Scene from 'Star Trek'

Who are the casting directors for the “Star Trek” franchise?

The franchise has brought in some big names to help cast the next generation of stars. CDs Margery Simkin and Orly Sitowitz have been hard at work on both “Discovery” and “Strange New Worlds.” The two have worked together on other hit drama programs, including “American Gods” and “Into the Badlands.” Lisa Parasyn (“Schitt’s Creek,” “Wynonna Earp”) is also a CD for “Discovery.”

Actors on set in 'Star Trek'

What are the best audition tips for landing a role in a “Star Trek” project?

As Stewart once said, “One of the really nice things about being an actor is that no experience is wasted.” 

Pine noted that “there’s stuff that no acting school will ever teach you, and you just have to be a self-aware artist. Sitting in an audition room can be the most destructive experience ever, so you have to know how you operate. If it does you a service to talk to another actor in the room, to get comfortable and loosen up, then great. But if that dissipates your energy, if that makes you feel competitive, you have to be very vigilant; the combative egos that happen in an audition room can come across as quite nice and quite approachable. You just have to be conscious of that.”

When Quinto began his acting career, he never expected to become a film star. As he told Interview, he thought he would end up part of the New York City theater scene. But once he moved to L.A., he found himself attracted to the audition process. “I loved auditioning because it was just an opportunity to act. Whether or not I got the job was the next hurdle, but the idea that I would get to act that day was the thing that excited me the most about it,” he said. “I had to learn how to modulate my performances and interpretations of these roles in auditions for the camera. I would say auditioning was my real training ground. The technical aspects—like hitting marks and pacing yourself and preparing and dealing with the downtime—the first recurring role I had on ‘24’ was probably the way I learned that stuff.”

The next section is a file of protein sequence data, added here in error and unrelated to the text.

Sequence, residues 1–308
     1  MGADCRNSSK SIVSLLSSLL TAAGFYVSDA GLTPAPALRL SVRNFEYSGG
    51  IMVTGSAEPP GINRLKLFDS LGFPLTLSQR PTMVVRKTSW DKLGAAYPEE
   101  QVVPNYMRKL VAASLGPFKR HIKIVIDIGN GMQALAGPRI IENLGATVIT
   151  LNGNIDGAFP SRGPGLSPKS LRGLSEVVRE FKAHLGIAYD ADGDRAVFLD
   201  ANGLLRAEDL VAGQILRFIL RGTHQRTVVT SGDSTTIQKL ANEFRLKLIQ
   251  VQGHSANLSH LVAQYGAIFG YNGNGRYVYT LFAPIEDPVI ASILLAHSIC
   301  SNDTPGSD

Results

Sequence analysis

Webster advises not putting too much pressure on yourself at auditions. “When you come into a room, [be] present to what you’re actually doing there, which is the audition; it’s not impressing me, it’s not trying to be the character necessarily, or getting the job,” she said. “It’s really just to come in and do the audition. Don’t talk too much unless they ask you questions. I’ve seen people talk themselves out of jobs. You want to come in and do your job and affect the room. Spread your energy in the room, as opposed to letting whatever is going on there make you more crazy or nervous.”